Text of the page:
The wonders of mediation in resolving disputes

shareholder dispute, disputes, dispute resolution
Mediator trying to resolve businessmen deadlocked in acrimonious debate. Vector illustration on business mediator or dispute resolution concept isolated on plain background.

When navigating through day-to-day business operations, the last thing any small business needs is a dispute to disrupt, absorb funds and attention away from positive business activities and plans. One of the most effective methods of resolving a dispute quickly, efficiently and cost-effectively is mediation.

What is mediation?

At its core, mediation is a confidential formal negotiation process facilitated by an independent third-party mediator who is an expert negotiator and conflict resolver. When parties come together in good faith and are well prepared the resulting mediation can be wondrous in building bridges and finding meaningful and sometimes creative solutions to resolve disputes.

Tips to get the most out of a mediation

  1. Where parties have been unable to resolve a dispute themselves, it is worth engaging a mediator to facilitate a negotiated settlement well before proceeding down the court path.
  2. Prepare for the mediation as you would for any commercial negotiation, focussing on the facts, reasonable outcomes and strategies to achieve these outcomes.
  3. Many mediators will invite you to a pre-mediation meeting at least a few days before your mediation. Where possible try to attend this meeting and use this opportunity to discuss your expectations of the mediation process and any concerns you may have.
  4. If you are comfortable negotiating by yourself then do so. Engage external support if you do not have sufficient negotiation skills or subject matter expertise to negotiate on your own or there is a power imbalance between you and the other party to the negotiation.
  5. When engaging a lawyer to represent you at mediation, they will advise you about the legal framework within which you are negotiating and potential legal outcomes available to you. Your lawyer can provide practical advice and the advantage of their experience. However, never forget that this is your negotiation and that you have to live with the result of the negotiation. It is ultimately up to you to decide what practical negotiated outcomes make the best sense for you in your situation and whether these are realistically attainable.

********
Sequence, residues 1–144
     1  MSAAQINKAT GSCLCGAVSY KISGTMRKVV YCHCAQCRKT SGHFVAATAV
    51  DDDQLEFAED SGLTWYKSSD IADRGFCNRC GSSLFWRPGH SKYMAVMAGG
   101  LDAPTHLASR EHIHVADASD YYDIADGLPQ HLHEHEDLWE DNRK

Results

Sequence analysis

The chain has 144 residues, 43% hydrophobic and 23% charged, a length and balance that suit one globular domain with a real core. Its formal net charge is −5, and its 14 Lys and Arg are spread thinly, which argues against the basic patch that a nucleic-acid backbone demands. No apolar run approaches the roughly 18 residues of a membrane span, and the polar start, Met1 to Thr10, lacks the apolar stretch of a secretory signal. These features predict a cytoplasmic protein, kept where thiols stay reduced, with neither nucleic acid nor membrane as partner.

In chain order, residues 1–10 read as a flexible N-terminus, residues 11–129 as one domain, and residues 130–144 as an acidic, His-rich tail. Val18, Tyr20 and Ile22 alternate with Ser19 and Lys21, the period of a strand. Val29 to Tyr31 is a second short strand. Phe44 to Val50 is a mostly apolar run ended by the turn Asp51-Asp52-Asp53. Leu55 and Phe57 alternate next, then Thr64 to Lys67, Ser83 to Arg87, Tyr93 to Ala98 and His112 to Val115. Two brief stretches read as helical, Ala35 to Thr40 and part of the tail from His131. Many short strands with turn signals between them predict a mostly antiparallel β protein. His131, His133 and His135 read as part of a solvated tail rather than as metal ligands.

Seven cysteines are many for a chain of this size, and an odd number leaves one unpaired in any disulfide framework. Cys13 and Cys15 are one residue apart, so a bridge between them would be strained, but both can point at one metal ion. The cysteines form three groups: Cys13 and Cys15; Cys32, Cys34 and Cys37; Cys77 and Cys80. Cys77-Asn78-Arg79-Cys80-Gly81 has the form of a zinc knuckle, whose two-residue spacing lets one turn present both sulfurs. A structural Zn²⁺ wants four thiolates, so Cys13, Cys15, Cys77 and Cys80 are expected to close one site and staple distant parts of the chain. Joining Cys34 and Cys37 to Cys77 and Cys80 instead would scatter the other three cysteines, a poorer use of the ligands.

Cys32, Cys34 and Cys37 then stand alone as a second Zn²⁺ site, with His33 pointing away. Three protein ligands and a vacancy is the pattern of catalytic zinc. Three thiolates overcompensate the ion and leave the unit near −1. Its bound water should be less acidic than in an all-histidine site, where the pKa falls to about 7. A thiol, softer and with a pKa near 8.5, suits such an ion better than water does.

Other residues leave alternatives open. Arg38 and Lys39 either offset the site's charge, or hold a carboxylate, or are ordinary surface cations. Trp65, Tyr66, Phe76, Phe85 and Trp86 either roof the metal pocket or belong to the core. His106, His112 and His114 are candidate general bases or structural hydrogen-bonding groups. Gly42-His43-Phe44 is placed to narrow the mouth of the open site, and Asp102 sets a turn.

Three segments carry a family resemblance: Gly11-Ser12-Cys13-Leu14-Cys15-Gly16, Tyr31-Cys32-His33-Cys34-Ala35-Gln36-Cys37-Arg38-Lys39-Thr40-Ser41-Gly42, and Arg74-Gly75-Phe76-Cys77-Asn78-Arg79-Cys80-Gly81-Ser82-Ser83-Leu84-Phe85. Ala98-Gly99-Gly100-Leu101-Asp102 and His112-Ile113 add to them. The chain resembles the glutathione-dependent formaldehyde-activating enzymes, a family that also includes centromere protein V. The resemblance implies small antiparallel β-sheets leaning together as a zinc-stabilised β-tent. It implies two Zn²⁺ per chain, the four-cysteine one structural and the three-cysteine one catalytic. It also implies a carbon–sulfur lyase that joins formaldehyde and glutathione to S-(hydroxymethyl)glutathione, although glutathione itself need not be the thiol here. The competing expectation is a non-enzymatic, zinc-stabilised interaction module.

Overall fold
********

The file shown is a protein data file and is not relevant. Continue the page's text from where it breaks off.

6. Where possible keep barristers well away from the mediation room. This is not a court room – winner take all situation but rather a commercial space for negotiation. Barristers excel in court as this is what they are trained to do. While of course there are barristers who intrinsically can negotiate commercially, why would you engage someone trained for combat to assist you to negotiate commercially sustainable often creative alternatives to the conflict?
  7. Just as you would not expect to negotiate a transaction in a format that resembles ‘speed dating’ for negotiators so you should not expect to negotiate a resolution to a dispute meaningfully in one hour. Allocate a reasonable period of time for the mediation in order to be best placed to negotiate a sustainable and meaningful outcome.
  8. Do not hesitate to test any ideas, proposals and assumptions privately with the mediator. Mediators are dab hands in exploring ideas and solutions with you.
  9. Be open to different options and outcomes proposed as sometimes these may prove the best resolution to your dispute.
  10. As with any negotiation, during a mediation:
    • you can take time out to consider your response to what has been said by the other party or mediator;
    • you can request time to think through the implication of any settlement offer proposed by the other party;
    • do not feel pressured by the other party or mediator to accept a settlement offer and feel free to counter with your own settlement proposal; and
    • you can ask the mediator and the other party to reconvene the mediation at any time if you need more time to consider issues or settlement proposals.